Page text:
Credit Rangers manager Ron Washington with providing his club with a means to getting back into this series immediately. The Rangers needed not only a run, but a spark, after a debilitating loss in Game 1 to the New York Yankees on Friday.
A 5-0 lead had been transformed into a 6-5 defeat, and all the momentum from the hard-fought AL Division Series victory over Tampa Bay seemed to have dissipated. The glow of that first postseason series victory in franchise history was being replaced by unpleasant reminders: The Rangers had never won a home game in the postseason, and they were on a 10-game losing streak against New York.
The Rangers needed a lift, a fast start, a pick-me-up. The sooner the lingering effects of the Game 1 loss were erased, the better. Texas starter Colby Lewis did his bit in the top of the first, retiring the Yankees in order. And in the bottom of the first, Washington saw an opening to create a run, and he seized it.
This Rangers team has speed, and it knows how to utilize that speed. Here was a classic example. Elvis Andrus reached on an infield hit and advanced to second on a wild pitch. Michael Young was called out on strikes, but with Josh Hamilton batting, Andrus stole third. Hamilton subsequently walked, giving the Rangers runners on first and third with one out. But Vladimir Guerrero struck out, and it appeared that a prime run-scoring opportunity might be wasted. But Washington wouldn't let that happen.
With Nelson Cruz up, the delayed double steal was on, as Hamilton broke for second. Yankees catcher Jorge Posada did what the Rangers hoped he would do, throw to second. Andrus sprinted for the plate. From second, Robinson Cano did what he could do, stepping in front of the bag to make a return throw to the plate. But his return throw was wide to the first-base side and Andrus scored.
The Rangers had a 1-0 lead, and this play looked even better when Cruz struck out to end the inning. Without the double steal, the Rangers wouldn't have had the lead, the lift or the renewed jolt of excitement that this aggressive play gave them.
Washington explained his thinking by saying: "Well, we had speed. I had Hamilton at first base and Elvis at third base. Opportunities seemed right, so I took a chance. That's the way we play. It worked. Got us going.
"I'm looking at opportunities, and it presented itself; that's the type of game we play. I took a chance that the throw would be made to second base. If [Posada] faked it, wouldn't have happened. But he didn't fake it. So we executed."
The direct beneficiary of the early lead was Lewis, and he appreciated the support.
"Well, I mean, Elvis got on and basically took three bags," Lewis said. "That was huge for us, I think, to come out and for me to get some quick outs and get back on the board again and get right back to what we were doing."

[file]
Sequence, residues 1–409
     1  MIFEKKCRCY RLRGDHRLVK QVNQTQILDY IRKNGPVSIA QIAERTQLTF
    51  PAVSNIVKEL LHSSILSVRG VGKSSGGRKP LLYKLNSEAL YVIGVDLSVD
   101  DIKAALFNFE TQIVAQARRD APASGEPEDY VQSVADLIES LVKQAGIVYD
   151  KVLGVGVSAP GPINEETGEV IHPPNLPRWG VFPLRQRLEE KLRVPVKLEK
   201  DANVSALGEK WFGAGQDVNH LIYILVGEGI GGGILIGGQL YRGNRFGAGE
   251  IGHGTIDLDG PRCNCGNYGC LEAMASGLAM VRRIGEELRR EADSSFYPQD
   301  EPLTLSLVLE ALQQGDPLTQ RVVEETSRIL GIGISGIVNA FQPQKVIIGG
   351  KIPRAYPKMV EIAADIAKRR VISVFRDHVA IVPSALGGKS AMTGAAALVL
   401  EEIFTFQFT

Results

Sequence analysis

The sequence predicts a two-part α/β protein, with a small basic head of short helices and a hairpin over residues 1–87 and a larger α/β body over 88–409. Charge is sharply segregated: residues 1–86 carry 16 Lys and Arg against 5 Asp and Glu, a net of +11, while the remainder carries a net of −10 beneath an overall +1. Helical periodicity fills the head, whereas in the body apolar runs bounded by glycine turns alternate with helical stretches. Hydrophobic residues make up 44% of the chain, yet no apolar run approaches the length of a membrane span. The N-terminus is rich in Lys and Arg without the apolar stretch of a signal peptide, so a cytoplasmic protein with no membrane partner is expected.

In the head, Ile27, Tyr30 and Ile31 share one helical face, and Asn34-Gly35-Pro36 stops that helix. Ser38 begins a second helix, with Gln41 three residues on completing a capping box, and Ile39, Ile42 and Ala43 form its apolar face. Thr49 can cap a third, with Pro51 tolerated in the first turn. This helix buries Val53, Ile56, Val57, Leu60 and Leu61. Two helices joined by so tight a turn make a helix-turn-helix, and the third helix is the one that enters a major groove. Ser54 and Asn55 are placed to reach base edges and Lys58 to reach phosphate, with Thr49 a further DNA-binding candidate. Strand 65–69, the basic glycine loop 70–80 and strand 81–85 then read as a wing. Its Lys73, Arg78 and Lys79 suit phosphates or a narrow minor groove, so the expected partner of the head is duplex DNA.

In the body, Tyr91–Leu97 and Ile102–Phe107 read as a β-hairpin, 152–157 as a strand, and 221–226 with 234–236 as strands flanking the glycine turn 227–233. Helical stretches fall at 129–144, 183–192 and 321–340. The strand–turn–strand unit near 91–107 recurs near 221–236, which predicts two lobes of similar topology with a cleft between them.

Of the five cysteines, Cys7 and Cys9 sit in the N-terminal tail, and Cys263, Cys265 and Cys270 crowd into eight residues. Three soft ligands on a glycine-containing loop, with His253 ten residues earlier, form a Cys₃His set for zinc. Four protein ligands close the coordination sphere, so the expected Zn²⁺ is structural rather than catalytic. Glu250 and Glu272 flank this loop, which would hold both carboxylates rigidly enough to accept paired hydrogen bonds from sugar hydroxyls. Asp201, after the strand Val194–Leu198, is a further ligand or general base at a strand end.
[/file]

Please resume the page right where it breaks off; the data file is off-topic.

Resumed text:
Subsequently, the Rangers' offense got in gear in a more conventional manner, scoring runs in three of the next four innings, building a lead that this time would not be erased. Lewis and the Rangers' bullpen kept the imposing New York lineup in check and Texas had a 7-2 victory and a 1-1 series.
"They did a great job," Lewis said of his teammates. "I mean, they put up seven runs for me and made it real comfortable and easy to go out there and continue to pound the strike zone."
This is the way the Rangers want to play, making the speed component an essential part of the game, putting pressure on the opposition.
"We have been talking about that the last five games," Andrus said. "We all know what we need to do on the bases. You put that extra pressure on the pitcher, that extra pressure on the catcher and defense. Sometimes it's going to be hard for everybody.
"So that's what we did. That's what we're doing right now, and it's doing a lot of good things for us. For sure, that was a big key right now -- get on the board first and get in the rhythm of the game."
Just as aggressive, alert baserunning was a key to the Rangers' Game 5 victory over the Rays, that approach gave Texas a kick-start in this ALCS victory.
"That's our game," said Young. "Our game is to be as versatile as possible. We know we can have big innings, we know we have guys who are capable of hitting balls in gaps, driving in runs, hitting balls out of the ballpark. But also, a dimension of our game offensively is, we can push the envelope on the bases. And it's what we are going to continue to do. It's a huge part of our game.
"To be totally honest with you, we are conscious of [running aggressively] every day. I think the nature of being versatile is you have to find a way. And we did that today. It's a dimension of our game we love to play. ... We are going to find a way to push the envelope, and it's part of our game. It's served us well so far this season, and so far, so good in the postseason."
The running Rangers seized the opportunity to sprint into an early lead against the Yankees. In doing so, they put the bitter memory of the Game 1 defeat behind them, way behind them. Credit Washington for an aggressive, intelligent and necessary call that got his team back on track and back into this series.
Mike Bauman is a national columnist for MLB.com. This story was not subject to the approval of Major League Baseball or its clubs.